Corrales starts very determined with a fast game. She plays with long fast jumps to the shuttle. Jensen begins with saving time. Regularly with high strokes to the backline, unregularly with walking around. After 11, she takes a different attitude, determined, fast with smashes, and only high long strokes when losing control in her own rear court. But Jensen moves to the shuttle with long jumps instead running, causing less control over her strokes and court, and she loses this set, 12-21.
At the second set starts Corrales her badminton confidently with a fast game, with technically and confident strokes with sharp smashes. Corrales shows a fast play, and deals easily with the distances at her court with quick and easy footwork. Now and again she plays service-faults. Her tempo is beyond Jensen's strength.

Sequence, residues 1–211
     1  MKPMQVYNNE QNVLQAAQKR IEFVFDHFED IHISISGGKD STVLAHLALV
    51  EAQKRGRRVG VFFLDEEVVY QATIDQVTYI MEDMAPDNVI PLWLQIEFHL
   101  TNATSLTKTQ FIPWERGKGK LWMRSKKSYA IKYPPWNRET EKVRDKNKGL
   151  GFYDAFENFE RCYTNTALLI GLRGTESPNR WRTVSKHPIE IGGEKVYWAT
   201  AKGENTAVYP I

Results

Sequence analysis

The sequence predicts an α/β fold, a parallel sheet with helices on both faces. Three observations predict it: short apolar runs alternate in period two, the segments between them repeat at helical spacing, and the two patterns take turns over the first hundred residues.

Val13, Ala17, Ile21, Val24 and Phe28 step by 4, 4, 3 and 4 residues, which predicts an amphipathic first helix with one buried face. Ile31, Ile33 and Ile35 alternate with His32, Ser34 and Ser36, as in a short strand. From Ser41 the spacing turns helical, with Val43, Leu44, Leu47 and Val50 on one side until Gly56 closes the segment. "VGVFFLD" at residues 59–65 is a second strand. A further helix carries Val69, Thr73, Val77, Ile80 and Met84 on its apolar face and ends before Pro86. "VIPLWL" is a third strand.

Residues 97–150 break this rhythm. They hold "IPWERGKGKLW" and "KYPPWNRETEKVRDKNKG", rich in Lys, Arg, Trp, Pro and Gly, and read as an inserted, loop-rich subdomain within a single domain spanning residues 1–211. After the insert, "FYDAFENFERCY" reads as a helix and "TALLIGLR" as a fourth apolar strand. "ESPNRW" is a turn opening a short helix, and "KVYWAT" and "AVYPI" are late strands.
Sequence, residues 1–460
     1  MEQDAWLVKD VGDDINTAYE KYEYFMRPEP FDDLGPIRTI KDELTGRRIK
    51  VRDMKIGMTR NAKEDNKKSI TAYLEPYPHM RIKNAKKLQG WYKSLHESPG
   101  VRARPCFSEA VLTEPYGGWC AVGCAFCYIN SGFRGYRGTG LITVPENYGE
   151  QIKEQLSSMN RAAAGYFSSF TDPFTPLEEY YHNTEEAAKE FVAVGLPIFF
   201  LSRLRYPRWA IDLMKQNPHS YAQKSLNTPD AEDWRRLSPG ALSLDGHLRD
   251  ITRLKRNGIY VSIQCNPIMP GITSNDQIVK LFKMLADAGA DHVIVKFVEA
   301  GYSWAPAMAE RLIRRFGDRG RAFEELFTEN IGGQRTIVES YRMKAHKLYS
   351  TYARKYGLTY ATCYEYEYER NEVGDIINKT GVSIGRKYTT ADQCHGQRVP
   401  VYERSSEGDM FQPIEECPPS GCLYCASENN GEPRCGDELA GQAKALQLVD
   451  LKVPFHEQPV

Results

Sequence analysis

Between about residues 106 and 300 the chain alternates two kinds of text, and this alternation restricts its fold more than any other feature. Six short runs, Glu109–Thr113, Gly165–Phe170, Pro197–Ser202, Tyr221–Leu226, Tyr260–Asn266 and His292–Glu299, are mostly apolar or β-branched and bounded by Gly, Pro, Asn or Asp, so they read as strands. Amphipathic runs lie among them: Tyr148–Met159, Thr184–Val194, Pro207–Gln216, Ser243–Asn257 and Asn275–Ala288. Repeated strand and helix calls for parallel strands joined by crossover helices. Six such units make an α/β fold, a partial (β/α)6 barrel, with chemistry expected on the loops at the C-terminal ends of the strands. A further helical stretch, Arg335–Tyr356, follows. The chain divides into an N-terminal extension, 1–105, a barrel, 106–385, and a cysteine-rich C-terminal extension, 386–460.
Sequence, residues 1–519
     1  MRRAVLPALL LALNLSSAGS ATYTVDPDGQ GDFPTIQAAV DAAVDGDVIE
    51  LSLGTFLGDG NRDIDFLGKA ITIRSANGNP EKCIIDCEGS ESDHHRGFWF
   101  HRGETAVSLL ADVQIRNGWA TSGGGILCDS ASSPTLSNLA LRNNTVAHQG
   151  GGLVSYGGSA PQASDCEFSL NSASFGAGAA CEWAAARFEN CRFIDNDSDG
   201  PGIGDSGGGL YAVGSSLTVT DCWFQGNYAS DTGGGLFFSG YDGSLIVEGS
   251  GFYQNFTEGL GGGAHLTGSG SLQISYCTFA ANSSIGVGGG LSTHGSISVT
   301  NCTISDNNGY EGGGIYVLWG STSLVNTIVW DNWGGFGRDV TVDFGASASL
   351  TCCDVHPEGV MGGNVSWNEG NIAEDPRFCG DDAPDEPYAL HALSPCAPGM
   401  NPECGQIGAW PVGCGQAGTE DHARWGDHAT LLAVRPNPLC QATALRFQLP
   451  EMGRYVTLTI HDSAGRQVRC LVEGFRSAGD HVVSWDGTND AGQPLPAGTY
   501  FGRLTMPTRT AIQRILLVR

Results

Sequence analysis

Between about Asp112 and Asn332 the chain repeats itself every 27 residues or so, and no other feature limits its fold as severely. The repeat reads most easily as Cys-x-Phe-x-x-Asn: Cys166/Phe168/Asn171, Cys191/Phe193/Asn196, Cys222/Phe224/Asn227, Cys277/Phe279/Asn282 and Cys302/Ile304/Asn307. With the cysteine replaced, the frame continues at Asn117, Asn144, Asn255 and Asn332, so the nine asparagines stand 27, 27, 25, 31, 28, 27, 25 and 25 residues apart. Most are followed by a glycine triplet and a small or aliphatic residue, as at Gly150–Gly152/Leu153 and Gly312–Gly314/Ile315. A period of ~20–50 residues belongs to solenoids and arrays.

Jensen isn't able to play the pace she wants. She enrolls then a play which seems to be typically for some Danish players. Protesting against decisions, saving time, arguing with the umpire, dramatic play after a linejudge's decision, and so on. The umpire just warns again and again and even shouts at her some times. Jensen seeks just the borders of her behaviour and the tolerance of the umpire. Corrales doesn't keep her calmness. She loses probably this game through Jensen's influencing the game in this way, or maybe better, by this inadequately responding by the umpire, 17-21.
The third set the drama continues. Corrales, wishing to play fast this set to an end, grasps the shuttle under the net from the other side, and a second time of this, both players happen to clinch their rackets in a fight for the shuttle. Jensen goes on saving time, intimidating Corrales with shouting at her and arm stretching, and challenging the umpire. Corrales tries to find herself again after her loss of temper, and she does, catching up a great disadvantage, from 10-18 to 20-20. But she finds not the power anymore to win the prolongation, and she loses, 22-24. Jensen gets eventually after all a yellow card during these last points.